An area that we have not emphasized is the creation of magnetic building blocks that could not only be used to stabilize magnetic solids but also lead to spin-based transport either through chemical dopants or as p–n junctions. Metallic superatoms follow the same general principles as Hund’s rule,41,105,106 but the Jahn–Teller distortions often quench the spin magnetic moment. However, the strong bonds within metal-chalcogenide clusters make these superatoms less fluxional, allowing for the stabilization of high spin magnetic moment superatoms. Some such magnetic superatoms have already been synthesized. For example, [Ni9Te6(PEt3)8][C60] is magnetic. SQUID measurements indicated that the individual clusters behave as isolated localized magnets with a magnetic moment of around 5.4 µB per functional unit.30 First-principles theoretical studies on [Ni9Te6(PEt3)8][C60] provided a magnetic characterization of the system. The metallic core has a spin magnetic moment of 5.3 µB in agreement with the experiment. We also showed that the magnetic motifs separated by C60 experience a weak superexchange that stabilizes a ferromagnetic ground state as observed around 2 K.107 In addition, an interesting phenomenon may emerge in the magnetic properties of cluster dimers.34,108 The stabilization of the magnetic state in metal-chalcogenide clusters offers an alternative form of superatom that stabilizes a high magnetic state. The nature of the exchange coupling in the cluster solids of magnetic superatoms is also likely to produce interesting results. Furthermore, the nature of electronic transport in magnetic cluster solids is expected to be different than in conventional magnetic solids since the transport may involve counterions.109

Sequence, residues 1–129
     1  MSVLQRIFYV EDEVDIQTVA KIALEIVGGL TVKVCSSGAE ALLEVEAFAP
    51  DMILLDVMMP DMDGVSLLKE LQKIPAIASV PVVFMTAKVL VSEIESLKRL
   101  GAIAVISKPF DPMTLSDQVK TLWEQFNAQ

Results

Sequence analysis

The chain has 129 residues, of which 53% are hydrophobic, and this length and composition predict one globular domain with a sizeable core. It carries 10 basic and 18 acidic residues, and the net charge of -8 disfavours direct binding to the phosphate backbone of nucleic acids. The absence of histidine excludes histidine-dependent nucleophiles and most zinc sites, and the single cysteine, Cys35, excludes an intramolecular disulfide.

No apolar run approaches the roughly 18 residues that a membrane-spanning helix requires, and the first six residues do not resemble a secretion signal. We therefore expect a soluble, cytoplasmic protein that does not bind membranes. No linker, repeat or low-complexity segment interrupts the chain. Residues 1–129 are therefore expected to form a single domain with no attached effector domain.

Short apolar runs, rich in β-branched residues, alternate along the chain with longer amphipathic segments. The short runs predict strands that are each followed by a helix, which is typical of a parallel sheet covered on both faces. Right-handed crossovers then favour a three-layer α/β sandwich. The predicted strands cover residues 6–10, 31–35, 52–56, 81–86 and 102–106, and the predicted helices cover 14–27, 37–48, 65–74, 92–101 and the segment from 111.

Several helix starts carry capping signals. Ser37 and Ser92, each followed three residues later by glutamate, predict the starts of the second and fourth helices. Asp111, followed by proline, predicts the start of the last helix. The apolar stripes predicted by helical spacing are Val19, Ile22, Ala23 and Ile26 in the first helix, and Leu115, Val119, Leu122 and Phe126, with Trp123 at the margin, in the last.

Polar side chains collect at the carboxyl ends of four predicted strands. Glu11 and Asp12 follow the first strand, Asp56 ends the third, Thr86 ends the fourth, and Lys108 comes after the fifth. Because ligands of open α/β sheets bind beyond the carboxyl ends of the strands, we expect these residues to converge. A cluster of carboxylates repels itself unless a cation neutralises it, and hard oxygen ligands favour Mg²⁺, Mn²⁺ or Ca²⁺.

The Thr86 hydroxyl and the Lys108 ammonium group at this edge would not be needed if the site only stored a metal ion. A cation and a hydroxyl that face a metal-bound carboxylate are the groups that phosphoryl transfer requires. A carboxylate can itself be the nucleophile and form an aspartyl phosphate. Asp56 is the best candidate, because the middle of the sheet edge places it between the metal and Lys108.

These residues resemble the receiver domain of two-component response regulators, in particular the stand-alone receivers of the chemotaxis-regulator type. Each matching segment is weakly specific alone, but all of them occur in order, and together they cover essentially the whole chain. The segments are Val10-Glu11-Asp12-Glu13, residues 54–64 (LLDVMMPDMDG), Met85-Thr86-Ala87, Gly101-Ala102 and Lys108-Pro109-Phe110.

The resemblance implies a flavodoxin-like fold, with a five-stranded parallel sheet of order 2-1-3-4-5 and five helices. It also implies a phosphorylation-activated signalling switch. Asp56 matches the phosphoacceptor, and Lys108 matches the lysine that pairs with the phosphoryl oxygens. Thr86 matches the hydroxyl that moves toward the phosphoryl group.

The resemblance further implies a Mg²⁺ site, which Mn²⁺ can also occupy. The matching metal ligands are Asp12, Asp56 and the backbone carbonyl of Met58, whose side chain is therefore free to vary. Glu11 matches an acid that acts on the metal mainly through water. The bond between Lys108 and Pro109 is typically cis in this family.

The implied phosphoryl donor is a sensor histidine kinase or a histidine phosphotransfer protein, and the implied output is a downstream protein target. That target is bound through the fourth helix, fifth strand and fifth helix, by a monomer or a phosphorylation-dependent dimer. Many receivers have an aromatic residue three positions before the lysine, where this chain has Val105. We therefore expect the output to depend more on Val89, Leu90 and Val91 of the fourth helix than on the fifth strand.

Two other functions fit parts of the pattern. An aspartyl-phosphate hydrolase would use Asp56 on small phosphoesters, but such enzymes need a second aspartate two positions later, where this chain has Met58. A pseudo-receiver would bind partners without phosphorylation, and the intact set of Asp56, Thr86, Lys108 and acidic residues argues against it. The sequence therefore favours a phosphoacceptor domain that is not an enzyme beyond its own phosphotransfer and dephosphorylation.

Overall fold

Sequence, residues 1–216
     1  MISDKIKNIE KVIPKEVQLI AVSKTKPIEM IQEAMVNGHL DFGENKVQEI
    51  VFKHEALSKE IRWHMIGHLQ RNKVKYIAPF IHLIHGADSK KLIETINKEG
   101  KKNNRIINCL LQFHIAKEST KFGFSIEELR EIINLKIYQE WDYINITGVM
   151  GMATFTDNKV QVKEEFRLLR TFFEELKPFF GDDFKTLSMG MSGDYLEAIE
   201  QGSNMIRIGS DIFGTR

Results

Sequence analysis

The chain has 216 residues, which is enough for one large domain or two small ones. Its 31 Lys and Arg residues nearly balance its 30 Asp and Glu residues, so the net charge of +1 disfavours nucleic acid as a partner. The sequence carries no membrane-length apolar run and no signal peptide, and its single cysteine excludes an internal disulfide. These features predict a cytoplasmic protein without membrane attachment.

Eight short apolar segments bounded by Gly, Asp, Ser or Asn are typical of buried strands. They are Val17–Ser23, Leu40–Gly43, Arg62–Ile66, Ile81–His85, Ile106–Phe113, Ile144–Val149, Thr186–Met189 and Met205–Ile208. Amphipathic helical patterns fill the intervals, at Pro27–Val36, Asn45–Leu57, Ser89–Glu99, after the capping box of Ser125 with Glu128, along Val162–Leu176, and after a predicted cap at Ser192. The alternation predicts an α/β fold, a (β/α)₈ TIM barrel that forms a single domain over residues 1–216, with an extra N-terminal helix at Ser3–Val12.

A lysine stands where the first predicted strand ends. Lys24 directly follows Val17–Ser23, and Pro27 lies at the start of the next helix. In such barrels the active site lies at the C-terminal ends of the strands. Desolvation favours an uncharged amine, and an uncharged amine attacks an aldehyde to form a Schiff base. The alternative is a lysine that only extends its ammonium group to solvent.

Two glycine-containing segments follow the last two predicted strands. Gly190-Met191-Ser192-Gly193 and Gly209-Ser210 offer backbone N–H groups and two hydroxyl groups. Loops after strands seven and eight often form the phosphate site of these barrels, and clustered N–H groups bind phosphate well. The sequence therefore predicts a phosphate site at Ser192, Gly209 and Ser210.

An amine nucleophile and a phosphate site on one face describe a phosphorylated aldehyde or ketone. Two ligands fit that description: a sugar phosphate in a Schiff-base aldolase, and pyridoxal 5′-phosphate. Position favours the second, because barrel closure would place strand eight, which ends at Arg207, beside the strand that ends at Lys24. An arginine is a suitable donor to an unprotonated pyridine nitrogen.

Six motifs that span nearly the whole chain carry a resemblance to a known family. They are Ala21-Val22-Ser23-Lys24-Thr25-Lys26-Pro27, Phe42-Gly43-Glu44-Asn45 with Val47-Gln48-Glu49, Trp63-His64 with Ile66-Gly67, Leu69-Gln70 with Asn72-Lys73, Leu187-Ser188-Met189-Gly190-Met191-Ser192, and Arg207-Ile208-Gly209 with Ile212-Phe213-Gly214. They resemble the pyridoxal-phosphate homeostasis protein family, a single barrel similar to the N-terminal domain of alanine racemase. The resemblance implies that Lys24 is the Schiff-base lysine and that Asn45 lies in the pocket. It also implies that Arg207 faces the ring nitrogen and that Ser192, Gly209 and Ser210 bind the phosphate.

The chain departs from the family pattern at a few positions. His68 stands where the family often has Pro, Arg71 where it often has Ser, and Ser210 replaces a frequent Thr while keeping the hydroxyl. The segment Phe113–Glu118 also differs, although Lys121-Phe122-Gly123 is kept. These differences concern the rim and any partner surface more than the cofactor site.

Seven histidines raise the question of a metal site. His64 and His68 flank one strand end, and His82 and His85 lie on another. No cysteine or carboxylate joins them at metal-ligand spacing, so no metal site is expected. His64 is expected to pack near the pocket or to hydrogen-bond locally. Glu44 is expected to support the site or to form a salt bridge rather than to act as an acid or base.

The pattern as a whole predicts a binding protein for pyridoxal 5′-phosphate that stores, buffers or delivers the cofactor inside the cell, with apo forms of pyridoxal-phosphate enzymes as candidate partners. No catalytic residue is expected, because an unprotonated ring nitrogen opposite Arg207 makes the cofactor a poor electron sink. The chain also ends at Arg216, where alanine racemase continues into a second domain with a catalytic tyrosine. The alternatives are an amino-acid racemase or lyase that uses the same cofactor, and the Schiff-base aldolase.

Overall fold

In order for the field of cluster science to continue on a rapidly expanding trajectory, several challenges must be addressed. The challenge of identifying organizing principles that are robust for systems beyond simple metal and metal-chalcogenide clusters is needed. As the superatom concept requires clusters to have a well-defined valence, identifying such zero valence superatomic states in different systems is critical. Extending the superatomic concept to magnetic clusters in metal-chalcogenide is also a promising direction. Understanding collective behaviors in cluster assembled materials is also a major challenge in this field. The properties of clusters may drastically change as they are assembled, just as the properties of atoms drastically change when they are assembled into crystalline solids. Understanding the emergent behaviors in the nanocrystals, including the conduction, magnetic properties, and chemical properties, is necessary for the field to continue to thrive. Of course, while this Perspective has focused on conceptual developments in finding organizational principles in cluster science, the field will rise or fall depending on new methods for synthesizing a wide range of cluster assembled materials with new cluster building blocks and new architectures.
The authors acknowledge funding from the U.S. Department of Energy (DOE) under Award No. DE-SC0006420.
The authors have no conflicts to disclose.
The data that support the findings of this study are available from the corresponding author upon reasonable request.